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Stalker Exen

Request from redsonja "Obsessed Stalker Exen!"

What the fuck is it with some people, that they can't accept that a) 'No' means NO, and B) 'It's over' means 'Goodbye'?? If you get married to someone, it does not mean that you own them, and it sure as hell doesn't mean you're mine forever! Relationships aren't about possession, damnit. Hell, even saying hi on the street doesn't give someone rights over you!

No, some people are just obsessive whack jobs who need to be purged from the gene pool, preferably before they breed, lest the genetic tendency toward obsession, possessiveness, and sociopathy is not spread more throughout the gene pool. Why is it against the game laws to shoot these asshats and put them out of your misery? Why are protection orders toothless, in that you can only have a fruitcake arrested after they've violated it flagrantly and obviously? Why do corporations and governments enable these shitheads?

Why in the hell would someone spend the time, money, and energy on stalking a person who had called it quits with them?? Do they really fucking think that they are so fantastic that you would want them anyway after saying no? Are they just incapable of dealing with the plain fact that someone just fucking doesn't want them in their life anymore? Or do they even care about the other person at all, as anything other than a thing, something they own, and they can't let go of their 'possessions'?

What is it that flicks the switch on someone who seems otherwise rational? Why does someone get the demented idea in their head that 'they can't live without you', or 'you can't live without them'? Is it something in their upbringing, some sort of insecurity, a brain chemistry malfunction, or something in the water? I don't understand the obsessive mindset to start with, and this type of deluded nutcase is one of the worst.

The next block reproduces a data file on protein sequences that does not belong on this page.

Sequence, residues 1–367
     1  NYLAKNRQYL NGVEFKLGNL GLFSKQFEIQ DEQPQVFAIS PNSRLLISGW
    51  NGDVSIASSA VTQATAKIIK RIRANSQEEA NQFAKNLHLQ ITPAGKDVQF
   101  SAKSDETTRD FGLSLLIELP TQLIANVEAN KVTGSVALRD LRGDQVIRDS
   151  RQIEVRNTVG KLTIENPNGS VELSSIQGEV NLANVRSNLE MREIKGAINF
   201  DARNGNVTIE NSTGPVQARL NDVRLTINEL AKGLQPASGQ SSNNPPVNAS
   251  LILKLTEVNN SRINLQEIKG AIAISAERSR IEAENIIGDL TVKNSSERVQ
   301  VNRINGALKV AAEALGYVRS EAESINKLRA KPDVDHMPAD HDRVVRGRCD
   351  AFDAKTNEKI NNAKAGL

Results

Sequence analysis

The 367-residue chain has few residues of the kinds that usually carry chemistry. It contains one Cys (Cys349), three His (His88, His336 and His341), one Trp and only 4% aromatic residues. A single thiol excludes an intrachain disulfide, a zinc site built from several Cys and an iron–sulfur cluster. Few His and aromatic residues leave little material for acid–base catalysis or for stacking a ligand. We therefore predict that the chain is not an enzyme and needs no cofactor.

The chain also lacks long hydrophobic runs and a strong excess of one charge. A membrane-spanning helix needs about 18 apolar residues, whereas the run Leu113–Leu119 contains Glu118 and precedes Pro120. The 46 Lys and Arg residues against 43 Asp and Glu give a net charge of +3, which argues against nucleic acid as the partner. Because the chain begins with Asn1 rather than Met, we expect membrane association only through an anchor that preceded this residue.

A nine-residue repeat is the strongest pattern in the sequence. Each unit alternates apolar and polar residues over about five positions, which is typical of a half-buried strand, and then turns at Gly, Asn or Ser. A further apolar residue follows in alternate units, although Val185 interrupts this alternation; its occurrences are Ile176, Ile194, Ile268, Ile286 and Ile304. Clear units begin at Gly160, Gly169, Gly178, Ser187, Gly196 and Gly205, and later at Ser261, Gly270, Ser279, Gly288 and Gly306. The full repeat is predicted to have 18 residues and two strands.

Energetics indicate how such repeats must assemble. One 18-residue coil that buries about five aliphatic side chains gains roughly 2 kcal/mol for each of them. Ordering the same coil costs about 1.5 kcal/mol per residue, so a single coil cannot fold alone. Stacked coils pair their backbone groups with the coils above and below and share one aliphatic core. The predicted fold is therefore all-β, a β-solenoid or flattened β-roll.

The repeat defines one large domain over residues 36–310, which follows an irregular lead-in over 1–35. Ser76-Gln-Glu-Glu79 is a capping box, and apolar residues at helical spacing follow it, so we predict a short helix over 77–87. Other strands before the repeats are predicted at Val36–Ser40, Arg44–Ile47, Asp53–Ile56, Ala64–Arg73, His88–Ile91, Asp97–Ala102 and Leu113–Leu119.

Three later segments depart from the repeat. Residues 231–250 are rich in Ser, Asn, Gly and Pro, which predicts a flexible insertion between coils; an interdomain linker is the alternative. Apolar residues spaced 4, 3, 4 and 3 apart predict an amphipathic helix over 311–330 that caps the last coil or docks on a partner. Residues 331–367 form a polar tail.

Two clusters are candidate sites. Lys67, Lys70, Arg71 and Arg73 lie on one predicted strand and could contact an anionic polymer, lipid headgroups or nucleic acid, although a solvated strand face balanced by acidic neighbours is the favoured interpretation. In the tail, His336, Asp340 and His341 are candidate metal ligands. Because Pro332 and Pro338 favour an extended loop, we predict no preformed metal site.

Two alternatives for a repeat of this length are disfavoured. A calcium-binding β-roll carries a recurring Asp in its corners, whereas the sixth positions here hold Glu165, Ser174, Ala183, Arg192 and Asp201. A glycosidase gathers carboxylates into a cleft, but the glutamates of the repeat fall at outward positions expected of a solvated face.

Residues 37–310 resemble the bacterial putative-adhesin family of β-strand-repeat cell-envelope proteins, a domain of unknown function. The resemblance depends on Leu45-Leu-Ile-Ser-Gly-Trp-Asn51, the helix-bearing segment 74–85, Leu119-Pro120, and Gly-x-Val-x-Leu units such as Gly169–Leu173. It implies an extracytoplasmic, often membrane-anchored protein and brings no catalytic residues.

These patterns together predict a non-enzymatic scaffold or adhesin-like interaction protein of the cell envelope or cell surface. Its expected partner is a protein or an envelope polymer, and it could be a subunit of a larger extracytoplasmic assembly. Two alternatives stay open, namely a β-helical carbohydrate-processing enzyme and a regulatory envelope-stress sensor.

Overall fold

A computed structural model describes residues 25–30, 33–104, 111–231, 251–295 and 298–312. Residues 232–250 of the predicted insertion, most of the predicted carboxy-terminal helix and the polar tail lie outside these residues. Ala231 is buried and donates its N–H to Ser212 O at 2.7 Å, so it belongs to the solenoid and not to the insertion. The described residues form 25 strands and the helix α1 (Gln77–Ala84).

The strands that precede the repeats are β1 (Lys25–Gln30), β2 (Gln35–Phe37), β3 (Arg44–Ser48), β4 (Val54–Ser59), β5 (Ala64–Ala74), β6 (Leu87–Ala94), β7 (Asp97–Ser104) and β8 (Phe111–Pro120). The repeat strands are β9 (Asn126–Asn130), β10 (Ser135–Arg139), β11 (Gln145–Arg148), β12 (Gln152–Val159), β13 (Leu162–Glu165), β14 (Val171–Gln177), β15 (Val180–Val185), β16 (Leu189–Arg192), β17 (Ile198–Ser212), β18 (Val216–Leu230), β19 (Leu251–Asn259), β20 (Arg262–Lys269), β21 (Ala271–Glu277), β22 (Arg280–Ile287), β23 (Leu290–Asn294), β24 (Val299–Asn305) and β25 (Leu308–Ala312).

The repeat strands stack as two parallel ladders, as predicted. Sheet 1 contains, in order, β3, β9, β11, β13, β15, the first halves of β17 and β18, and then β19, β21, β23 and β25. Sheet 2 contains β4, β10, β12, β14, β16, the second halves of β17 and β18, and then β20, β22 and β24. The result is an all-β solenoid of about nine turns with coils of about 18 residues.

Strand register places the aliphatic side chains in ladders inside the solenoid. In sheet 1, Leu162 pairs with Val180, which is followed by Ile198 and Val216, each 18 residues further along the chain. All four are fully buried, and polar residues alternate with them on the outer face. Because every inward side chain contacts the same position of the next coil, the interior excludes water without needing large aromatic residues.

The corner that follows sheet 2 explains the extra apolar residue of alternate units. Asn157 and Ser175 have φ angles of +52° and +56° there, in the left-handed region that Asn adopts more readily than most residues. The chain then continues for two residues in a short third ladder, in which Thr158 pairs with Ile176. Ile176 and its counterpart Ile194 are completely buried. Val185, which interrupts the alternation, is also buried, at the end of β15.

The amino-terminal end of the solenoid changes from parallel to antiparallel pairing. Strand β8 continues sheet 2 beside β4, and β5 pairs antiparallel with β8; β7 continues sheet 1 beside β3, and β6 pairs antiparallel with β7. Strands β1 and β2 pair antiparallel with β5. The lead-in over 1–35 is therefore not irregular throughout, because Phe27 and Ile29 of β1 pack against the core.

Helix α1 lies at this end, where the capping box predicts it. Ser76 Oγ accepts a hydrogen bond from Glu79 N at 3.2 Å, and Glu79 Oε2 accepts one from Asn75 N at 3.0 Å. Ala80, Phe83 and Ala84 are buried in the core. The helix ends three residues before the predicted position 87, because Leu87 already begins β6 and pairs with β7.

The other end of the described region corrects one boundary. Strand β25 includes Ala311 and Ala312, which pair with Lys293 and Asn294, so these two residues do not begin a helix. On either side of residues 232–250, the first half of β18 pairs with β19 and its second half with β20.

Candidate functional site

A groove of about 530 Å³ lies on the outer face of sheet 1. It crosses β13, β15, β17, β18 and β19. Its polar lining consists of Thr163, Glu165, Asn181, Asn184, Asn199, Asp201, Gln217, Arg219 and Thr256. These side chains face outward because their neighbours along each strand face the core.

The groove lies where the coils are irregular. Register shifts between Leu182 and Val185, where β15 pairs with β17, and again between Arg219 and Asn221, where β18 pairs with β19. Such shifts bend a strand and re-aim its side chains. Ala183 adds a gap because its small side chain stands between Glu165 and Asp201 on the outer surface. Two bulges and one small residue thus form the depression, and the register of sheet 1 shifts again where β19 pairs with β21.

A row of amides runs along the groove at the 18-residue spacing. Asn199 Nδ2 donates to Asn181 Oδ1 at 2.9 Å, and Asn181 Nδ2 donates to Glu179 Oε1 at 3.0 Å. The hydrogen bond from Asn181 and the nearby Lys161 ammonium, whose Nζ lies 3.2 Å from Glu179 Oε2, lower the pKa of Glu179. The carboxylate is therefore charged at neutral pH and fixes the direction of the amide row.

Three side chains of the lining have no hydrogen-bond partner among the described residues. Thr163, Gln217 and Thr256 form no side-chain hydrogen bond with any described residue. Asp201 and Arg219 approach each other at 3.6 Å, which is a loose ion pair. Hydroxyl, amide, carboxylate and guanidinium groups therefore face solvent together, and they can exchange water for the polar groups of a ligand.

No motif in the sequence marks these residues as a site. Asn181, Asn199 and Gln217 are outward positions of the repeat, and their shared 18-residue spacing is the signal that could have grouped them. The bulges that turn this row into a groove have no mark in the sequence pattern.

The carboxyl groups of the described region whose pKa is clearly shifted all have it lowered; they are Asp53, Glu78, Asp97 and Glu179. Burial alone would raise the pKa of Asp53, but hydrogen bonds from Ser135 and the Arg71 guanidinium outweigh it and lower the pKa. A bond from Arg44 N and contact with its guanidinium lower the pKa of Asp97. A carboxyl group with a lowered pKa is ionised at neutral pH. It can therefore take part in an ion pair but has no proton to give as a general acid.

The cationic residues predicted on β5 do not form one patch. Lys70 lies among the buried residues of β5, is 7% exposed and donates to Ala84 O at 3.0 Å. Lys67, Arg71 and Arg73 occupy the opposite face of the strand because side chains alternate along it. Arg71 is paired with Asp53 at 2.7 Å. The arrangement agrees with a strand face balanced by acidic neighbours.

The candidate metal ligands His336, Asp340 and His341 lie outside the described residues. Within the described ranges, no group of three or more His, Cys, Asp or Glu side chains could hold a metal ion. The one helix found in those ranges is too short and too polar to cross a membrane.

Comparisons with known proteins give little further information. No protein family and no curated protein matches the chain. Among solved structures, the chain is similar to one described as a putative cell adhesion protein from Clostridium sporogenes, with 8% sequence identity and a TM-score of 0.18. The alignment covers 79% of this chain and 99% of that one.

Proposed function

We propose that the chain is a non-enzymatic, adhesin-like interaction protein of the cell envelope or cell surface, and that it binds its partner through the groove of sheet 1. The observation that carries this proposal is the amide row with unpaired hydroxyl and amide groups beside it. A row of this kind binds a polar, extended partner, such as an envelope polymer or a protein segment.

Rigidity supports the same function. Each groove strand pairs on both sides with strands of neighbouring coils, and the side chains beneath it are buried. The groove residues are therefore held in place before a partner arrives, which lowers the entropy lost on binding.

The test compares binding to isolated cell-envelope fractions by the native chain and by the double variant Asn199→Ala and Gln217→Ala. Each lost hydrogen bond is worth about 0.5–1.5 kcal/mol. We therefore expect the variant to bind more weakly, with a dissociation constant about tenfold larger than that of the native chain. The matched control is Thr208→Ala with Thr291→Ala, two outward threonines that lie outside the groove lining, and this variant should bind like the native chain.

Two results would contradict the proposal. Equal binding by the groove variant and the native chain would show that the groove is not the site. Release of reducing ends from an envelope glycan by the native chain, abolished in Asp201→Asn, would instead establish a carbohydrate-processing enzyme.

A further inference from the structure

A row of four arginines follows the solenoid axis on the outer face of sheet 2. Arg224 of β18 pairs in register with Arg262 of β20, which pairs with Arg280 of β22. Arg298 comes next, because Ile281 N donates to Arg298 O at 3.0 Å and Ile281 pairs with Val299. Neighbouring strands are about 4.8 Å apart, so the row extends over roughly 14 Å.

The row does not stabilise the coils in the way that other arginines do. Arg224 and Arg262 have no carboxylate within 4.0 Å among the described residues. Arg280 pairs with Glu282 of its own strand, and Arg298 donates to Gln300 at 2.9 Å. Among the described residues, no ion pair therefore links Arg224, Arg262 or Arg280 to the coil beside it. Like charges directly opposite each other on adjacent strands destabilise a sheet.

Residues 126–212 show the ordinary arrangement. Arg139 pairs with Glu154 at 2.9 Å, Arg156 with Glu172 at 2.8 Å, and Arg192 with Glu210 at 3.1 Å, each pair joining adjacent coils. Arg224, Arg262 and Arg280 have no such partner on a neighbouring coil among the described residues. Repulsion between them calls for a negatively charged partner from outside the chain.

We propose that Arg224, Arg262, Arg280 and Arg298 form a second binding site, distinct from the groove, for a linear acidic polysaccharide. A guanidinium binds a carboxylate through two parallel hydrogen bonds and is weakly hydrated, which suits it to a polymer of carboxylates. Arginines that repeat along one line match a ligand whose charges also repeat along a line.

Yet I hear about this kind of creep all of the time. With the information age, and the erosion of privacy as a legal concept and an institution, it becomes easier and easier for these nutjobs to try to sate their obsessive desires. Thirty years ago, stalking was rarely heard of, and usually a move out of state, a quick name change, and a careful breaking of ties to mutual friends could fix it. Successful stalkers had to be wealthy, because tracking down a person cost lost of money and time.

Now, though, we damn near hand these twisted souls the tools they need to haunt our lives on a silver fucking platter! A person now has to actively seek out their information and specifically seek to have it deleted or, more often, just concealed. If they have anything to do with our 'security' (state security, that is) minded government, their sick hobby gets even easier. Just a few rule violations, the right amount of cash in the right palms, and voila, they even have your new underware size. And people wonder why I use a pseudonym on the net!

The fools who argue against privacy and restriction of access to personal information from governments and corporations often cough up the old, tired 'What have you got to hide? Unless you have something to hide, there's nothing to fear!' as an argument against privacy. Well, you may not have anything to hide when the data is collected, aggregated, and stored. But even the most pristine and upright living individual can have an obsessive nut case latch on to them, often years later, and use that older data to hunt them down and/or screw up their life! Things like malicious identity theft (as opposed to simple larcenous identity theft), filing false credit data, using your credit records to track your whereabouts and workplace, etc. are now made possible by 'innocent' (but pervasive) data collection and aggregation, and happening to lots of people.